Due to its inherent privacy-focused features and CPU-mining profitability, Monero has become one of the most attractive cryptocurrency options for cyber criminals. We believe that it will continue to be threat actors' primary cryptocurrency of choice, so long as the Monero blockchain maintains privacy-focused standards and is ASIC-resistant. If in the future the Monero protocol ever downgrades its security and privacy-focused features, then we assess with high confidence that threat actors will move to use another privacy-focused coin as an alternative.

Because of the anonymity associated with the Monero cryptocurrency and electronic wallets, as well as the availability of numerous cryptocurrency exchanges and tumblers, attribution of malicious cryptocurrency mining is very challenging for authorities, and malicious actors behind such operations typically remain unidentified. Threat actors will undoubtedly continue to demonstrate high interest in malicious cryptomining so long as it remains profitable and relatively low risk.

When Disaster Comes Calling

There are times like this when I can’t help but wonder about disaster recovery plans. A large number of companies that I have worked at or spoken with over the years seemed to pay little more than lip service to this rather significant elephant in the room. This came to mind today while I was reading about the storm that ran roughshod over Toronto. In the midst of all the flooding I read about the servers at Toronto’s Pearson airport (YYZ).They had become, well, rather wet. There was “flooding in server rooms.” according to their tweet July 8th at 9:16 pm.

This really got me thinking as to how this could have happened in the first place.

At one organization that I worked for the role of disaster recovery planning fell to an individual that had neither the interest nor the wherewithal to accomplish the task. This is a real problem for many companies and organizations. The fate of their operations can, at times, reside in the hands of someone who is disinclined to properly perform the task.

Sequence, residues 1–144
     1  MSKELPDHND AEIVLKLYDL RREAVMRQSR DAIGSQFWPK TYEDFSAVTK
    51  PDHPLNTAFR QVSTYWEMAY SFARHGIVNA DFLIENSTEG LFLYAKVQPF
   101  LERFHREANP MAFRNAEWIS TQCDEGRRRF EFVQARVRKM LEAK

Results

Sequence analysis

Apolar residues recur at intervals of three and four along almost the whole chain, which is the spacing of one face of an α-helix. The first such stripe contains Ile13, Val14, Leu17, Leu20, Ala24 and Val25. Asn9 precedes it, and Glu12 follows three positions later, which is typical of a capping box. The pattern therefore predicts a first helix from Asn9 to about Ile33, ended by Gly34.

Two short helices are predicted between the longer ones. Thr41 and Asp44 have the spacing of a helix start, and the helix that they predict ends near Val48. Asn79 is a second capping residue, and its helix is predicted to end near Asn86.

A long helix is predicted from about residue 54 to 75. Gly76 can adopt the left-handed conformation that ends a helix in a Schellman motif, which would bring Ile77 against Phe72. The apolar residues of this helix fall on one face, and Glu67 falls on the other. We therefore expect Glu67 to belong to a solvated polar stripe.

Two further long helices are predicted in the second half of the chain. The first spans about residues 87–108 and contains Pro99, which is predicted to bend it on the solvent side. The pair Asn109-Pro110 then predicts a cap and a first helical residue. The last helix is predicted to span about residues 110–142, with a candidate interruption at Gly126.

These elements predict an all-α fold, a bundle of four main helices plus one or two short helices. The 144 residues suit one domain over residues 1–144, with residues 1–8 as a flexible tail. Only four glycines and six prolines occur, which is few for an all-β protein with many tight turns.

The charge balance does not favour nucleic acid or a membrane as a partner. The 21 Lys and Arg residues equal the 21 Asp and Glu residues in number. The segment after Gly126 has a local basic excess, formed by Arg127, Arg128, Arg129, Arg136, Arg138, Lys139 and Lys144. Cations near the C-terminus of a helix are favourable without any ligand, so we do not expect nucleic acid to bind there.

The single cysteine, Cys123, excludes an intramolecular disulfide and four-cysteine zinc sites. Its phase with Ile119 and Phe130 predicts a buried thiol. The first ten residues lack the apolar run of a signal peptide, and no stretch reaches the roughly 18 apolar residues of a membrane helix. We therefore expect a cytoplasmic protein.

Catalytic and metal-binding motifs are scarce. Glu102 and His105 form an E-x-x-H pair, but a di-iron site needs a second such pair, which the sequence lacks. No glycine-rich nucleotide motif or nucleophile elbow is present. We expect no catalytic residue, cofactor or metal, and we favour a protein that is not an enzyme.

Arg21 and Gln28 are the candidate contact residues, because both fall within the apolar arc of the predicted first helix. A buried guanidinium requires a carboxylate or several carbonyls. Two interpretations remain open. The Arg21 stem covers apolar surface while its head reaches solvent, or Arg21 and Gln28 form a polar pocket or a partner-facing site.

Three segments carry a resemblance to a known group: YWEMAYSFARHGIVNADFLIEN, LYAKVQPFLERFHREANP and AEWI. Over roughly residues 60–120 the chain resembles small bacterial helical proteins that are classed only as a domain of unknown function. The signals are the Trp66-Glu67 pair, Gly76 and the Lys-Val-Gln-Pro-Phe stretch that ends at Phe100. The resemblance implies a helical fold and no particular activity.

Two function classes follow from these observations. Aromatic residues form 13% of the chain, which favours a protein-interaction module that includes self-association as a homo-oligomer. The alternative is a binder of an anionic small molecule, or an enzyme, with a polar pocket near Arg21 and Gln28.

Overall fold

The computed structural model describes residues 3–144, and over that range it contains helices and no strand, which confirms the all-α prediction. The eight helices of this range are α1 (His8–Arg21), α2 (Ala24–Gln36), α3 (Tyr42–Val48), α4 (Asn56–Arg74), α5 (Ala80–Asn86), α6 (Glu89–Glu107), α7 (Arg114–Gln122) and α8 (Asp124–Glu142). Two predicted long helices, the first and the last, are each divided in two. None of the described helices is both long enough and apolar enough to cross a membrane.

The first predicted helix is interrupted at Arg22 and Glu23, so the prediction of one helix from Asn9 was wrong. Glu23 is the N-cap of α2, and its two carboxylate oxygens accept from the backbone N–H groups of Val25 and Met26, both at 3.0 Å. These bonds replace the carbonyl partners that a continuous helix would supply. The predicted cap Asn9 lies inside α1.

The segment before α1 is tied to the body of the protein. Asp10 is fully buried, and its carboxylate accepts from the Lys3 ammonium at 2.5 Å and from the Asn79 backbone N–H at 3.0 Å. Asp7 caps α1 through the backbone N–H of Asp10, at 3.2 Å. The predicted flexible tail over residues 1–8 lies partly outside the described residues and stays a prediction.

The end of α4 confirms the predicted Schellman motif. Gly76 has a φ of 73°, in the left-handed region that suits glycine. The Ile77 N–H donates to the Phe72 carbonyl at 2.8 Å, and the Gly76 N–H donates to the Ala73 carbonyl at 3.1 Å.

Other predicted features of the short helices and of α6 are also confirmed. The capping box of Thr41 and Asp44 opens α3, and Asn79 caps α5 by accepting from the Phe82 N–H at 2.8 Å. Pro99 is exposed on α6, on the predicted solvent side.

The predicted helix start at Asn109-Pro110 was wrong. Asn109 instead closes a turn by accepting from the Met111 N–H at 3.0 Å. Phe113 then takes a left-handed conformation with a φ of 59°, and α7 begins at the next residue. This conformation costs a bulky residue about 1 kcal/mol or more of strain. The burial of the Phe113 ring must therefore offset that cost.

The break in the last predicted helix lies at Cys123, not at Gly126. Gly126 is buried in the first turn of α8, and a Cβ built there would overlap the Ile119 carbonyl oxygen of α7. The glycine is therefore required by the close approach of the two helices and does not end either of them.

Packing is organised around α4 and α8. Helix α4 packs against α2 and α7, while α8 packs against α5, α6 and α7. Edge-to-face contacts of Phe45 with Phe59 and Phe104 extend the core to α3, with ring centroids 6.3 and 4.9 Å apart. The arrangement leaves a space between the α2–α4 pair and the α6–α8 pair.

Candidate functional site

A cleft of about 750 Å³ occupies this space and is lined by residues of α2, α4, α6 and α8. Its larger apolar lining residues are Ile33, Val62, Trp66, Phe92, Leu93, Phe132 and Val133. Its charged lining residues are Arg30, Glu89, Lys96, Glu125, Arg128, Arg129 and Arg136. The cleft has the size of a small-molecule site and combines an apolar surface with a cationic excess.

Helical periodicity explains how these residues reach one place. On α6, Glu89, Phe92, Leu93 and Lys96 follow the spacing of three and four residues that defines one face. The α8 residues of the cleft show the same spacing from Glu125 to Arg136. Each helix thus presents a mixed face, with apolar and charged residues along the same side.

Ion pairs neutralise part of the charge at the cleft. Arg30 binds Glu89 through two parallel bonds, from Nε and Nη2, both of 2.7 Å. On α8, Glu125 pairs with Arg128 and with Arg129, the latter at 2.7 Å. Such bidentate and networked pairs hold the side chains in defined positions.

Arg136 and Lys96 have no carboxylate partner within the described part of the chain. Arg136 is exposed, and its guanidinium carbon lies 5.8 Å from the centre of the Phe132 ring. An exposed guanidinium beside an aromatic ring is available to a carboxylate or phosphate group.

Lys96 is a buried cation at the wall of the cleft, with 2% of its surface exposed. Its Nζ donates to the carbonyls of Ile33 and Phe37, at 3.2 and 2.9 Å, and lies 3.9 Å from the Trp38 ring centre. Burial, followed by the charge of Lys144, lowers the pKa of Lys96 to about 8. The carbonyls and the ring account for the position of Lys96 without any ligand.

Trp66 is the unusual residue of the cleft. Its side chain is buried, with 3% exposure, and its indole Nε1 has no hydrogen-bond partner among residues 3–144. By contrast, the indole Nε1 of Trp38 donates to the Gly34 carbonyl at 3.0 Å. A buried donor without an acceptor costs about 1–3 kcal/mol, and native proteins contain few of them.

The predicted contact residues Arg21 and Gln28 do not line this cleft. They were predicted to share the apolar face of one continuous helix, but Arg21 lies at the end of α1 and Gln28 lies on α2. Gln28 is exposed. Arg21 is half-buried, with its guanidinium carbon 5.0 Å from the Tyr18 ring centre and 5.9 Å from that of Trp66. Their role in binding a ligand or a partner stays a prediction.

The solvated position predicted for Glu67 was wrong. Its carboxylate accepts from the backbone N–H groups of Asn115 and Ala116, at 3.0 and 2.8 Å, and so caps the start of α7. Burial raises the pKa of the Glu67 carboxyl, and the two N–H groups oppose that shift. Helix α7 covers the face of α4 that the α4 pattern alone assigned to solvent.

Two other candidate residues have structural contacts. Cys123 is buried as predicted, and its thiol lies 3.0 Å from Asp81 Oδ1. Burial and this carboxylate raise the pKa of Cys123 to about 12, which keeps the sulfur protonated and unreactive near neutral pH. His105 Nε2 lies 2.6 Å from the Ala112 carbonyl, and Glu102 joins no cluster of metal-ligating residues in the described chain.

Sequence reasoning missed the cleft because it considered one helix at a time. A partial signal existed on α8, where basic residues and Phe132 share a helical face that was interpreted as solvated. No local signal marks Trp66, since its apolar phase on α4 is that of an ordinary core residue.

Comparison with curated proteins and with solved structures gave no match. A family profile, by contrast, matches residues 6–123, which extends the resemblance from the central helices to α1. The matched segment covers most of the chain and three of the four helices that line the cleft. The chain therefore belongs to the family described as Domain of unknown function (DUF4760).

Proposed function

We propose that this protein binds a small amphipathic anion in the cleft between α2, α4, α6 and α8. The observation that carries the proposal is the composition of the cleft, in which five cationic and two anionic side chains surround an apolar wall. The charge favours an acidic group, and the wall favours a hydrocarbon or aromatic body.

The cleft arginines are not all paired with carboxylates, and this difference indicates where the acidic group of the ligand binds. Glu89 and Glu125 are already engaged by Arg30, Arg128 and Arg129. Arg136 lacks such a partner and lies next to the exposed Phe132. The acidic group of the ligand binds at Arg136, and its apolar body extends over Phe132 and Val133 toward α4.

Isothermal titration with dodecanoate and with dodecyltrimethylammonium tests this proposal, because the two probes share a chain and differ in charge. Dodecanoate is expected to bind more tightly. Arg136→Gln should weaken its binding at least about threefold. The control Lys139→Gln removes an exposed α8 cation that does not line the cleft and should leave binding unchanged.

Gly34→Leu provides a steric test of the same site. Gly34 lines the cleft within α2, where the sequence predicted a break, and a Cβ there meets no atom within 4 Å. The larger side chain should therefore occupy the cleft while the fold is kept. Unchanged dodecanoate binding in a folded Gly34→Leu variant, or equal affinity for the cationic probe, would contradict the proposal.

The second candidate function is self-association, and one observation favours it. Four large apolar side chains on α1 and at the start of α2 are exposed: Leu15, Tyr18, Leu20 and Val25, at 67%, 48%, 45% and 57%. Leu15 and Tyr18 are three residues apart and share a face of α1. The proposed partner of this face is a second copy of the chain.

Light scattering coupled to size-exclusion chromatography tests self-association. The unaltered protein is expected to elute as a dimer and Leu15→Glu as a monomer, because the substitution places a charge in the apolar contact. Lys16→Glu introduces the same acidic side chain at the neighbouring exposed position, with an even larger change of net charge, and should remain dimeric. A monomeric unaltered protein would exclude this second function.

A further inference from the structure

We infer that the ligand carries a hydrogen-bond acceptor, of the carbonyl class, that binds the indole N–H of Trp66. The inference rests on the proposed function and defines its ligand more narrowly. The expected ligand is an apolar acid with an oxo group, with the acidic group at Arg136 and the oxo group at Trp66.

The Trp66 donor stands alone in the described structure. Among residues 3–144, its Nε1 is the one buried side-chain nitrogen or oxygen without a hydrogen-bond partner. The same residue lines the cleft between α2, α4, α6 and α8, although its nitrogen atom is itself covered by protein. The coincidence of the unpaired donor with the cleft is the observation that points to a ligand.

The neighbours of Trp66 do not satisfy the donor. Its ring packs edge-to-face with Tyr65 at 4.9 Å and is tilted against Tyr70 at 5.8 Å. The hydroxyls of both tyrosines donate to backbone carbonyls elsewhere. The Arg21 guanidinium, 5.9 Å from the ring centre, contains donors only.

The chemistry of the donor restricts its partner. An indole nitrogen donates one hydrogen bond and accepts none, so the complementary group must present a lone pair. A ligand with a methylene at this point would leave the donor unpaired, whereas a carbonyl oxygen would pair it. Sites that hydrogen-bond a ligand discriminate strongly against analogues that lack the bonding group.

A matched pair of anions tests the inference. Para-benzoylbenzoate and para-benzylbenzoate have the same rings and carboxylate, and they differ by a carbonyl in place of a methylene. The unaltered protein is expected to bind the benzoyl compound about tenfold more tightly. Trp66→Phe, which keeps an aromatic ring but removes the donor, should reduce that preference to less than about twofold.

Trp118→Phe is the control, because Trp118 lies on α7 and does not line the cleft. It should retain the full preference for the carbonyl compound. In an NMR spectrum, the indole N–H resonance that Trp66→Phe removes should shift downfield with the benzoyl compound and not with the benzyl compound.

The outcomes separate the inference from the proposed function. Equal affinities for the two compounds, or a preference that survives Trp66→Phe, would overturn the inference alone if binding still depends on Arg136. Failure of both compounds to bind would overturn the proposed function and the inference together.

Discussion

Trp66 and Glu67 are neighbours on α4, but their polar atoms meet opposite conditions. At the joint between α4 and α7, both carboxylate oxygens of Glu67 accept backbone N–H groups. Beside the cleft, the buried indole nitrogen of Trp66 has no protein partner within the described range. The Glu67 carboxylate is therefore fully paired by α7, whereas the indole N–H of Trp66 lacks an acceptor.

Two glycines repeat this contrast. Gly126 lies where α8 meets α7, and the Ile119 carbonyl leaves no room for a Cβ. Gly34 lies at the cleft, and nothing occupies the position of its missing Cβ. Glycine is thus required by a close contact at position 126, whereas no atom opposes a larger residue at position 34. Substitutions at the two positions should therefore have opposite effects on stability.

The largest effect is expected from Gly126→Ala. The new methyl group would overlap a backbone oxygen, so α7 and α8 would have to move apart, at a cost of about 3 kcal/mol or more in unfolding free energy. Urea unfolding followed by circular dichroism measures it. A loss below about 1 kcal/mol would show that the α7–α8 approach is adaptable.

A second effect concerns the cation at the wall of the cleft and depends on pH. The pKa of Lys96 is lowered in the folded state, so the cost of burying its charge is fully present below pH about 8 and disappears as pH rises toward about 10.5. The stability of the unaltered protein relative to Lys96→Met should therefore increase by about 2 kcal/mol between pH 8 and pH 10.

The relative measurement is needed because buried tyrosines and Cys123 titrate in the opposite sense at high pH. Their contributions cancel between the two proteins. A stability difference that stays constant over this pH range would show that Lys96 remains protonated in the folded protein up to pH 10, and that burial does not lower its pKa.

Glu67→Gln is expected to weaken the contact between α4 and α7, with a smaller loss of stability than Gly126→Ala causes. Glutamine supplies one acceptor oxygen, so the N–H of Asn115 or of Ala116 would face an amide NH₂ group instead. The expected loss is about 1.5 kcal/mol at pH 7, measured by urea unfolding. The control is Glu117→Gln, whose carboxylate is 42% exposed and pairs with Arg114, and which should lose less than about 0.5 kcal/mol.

Of course this is not a truism of every company. But, there are many instances where it is the sheer force of will of the staff needed to restore service in the event of an outage. One company that I had worked for suffered an SAP outage that made it such that invoices could not be paid. The impact of this was a massive financial burden and it took the better part of a month to sort out. There was no disaster recovery plan. There was no system back up. There was no failover. In this case the DR plan was not even in existence. Through the Herculean efforts of the staff, invoices were paid manually.

A second example that I can’t help but pull from the archives was when I was working for a certain power company. It was the end of the day and I was heading for the door with my coworker. We came upon our head of IT operations and one of the building security guards working feverishly to contain a water leak in the janitorial closet. The faucet would not close. We dropped our bags and pitched in to help.

In relatively short order the tap sheered off from the wall and the real flooding began. The difficulty that presented itself in short order was that the main water shut off valve was no where to be found. There was no disaster recovery plan that covered this contingency. To make matters worse, the computer control room was located on the floor directly below the janitor closet.

Um, yeah.

Ultimately the situation was resolved and the control room was saved. But, it should have never gotten to that point.

So what is the actionable take away to had from this post? Take some time to review your organizations disaster recovery plans. Are backups taken? Are they tested? Are they stored offsite? Does the disaster recovery plan even exist anywhere on paper? Has that plan been tested with the staff? No plan survives first contact with the “enemy” but, it is far better to be well trained and prepared than to be caught unawares.